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The Leadership Conference on Civil and Human Rights

The Nation's Premier Civil and Human Rights Coalition

The Leadership Conference on Civil and Human Rights  & The Leadership Conference Education Fund
The Nation's Premier Civil and Human Rights Coalition

Washington Post Editorial Board Abandons Use of Slur

August 25, 2014 - Posted by Patrick McNeil

In an editorial on August 22, the editorial board of the Washington Post revealed it would no longer use the name of Washington’s football team in its writing – a move that does not affect the publication’s sports and news coverage of the team, but one that has already been taken by other publications in opposition to the team’s continued use of its offensive mascot.

“But the matter seems clearer to us now than ever, and while we wait for the National Football League to catch up with thoughtful opinion and common decency, we have decided that, except when it is essential for clarity or effect, we will no longer use the slur ourselves,” wrote the editorial board. “That’s the standard we apply to all offensive vocabulary, and the team name unquestionably offends not only many Native Americans but many other Americans, too.”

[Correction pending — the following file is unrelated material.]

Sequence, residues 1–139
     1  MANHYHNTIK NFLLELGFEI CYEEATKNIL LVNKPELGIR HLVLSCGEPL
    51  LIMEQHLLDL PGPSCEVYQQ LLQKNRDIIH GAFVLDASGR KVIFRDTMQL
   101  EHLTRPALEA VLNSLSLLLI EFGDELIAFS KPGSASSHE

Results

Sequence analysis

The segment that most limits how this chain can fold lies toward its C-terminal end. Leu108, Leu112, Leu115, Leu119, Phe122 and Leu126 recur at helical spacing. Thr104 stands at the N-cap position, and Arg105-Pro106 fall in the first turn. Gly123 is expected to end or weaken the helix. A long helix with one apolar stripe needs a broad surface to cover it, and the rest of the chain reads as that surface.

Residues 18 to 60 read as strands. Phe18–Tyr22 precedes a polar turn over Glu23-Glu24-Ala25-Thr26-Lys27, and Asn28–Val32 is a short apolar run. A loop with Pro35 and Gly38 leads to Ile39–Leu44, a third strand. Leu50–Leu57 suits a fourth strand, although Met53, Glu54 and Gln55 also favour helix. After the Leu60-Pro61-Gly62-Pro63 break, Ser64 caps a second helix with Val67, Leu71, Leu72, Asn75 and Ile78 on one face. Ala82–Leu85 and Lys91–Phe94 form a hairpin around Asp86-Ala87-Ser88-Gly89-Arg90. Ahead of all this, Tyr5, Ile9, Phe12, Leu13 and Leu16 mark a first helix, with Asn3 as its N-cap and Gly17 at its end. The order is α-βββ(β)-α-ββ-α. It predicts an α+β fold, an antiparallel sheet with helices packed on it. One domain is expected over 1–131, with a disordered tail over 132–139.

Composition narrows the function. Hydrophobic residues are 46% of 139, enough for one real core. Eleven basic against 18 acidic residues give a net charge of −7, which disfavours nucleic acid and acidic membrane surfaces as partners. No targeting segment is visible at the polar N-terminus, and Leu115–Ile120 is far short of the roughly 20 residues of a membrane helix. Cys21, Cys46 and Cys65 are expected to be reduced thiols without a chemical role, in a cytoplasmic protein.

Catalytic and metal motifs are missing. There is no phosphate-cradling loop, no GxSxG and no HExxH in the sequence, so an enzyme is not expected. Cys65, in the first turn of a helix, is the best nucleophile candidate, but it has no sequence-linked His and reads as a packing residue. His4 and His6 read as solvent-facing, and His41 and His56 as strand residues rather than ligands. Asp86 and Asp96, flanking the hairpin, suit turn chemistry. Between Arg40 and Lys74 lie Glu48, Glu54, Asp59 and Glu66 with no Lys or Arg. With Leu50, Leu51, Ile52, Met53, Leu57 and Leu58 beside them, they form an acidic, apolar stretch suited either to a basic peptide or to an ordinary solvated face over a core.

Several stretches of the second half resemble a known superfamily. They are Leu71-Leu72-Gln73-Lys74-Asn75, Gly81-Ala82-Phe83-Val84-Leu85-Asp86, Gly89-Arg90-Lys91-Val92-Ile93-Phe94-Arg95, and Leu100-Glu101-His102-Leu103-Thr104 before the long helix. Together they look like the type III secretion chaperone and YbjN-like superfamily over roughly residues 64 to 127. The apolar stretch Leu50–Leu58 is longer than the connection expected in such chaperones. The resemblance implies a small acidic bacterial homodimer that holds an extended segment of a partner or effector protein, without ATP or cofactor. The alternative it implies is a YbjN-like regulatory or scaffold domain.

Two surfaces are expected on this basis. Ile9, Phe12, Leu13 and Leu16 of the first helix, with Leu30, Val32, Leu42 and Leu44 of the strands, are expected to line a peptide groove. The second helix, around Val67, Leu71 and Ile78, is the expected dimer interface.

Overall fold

Before the editorial board’s announcement on Friday, Washington Post reported on Mike Carey, an NFL referee who – for almost all of the final eight seasons of his career – refused to officiate games when Washington’s team was a participant. Carey, who now works for CBS Sports, will have the ability to decide whether or not to use the team’s name on air – a policy announced by CBS Sports last month, and one that ESPN announced over the weekend they will also implement.

The editorial board’s decision is the latest in a growing list of challenges to the team’s name, though it is one that is particularly local in a pool of more national objections.

In June, the U.S. Patent and Trademark Office cancelled six federal trademark registrations for the team’s name, and a month earlier, 50 U.S. senators wrote a letter to NFL commissioner Roger Goodell urging the team to change its name.

In December 2013, The Leadership Conference on Civil and Human Rights voted unanimously at its national board meeting for a resolution also urging a name change.

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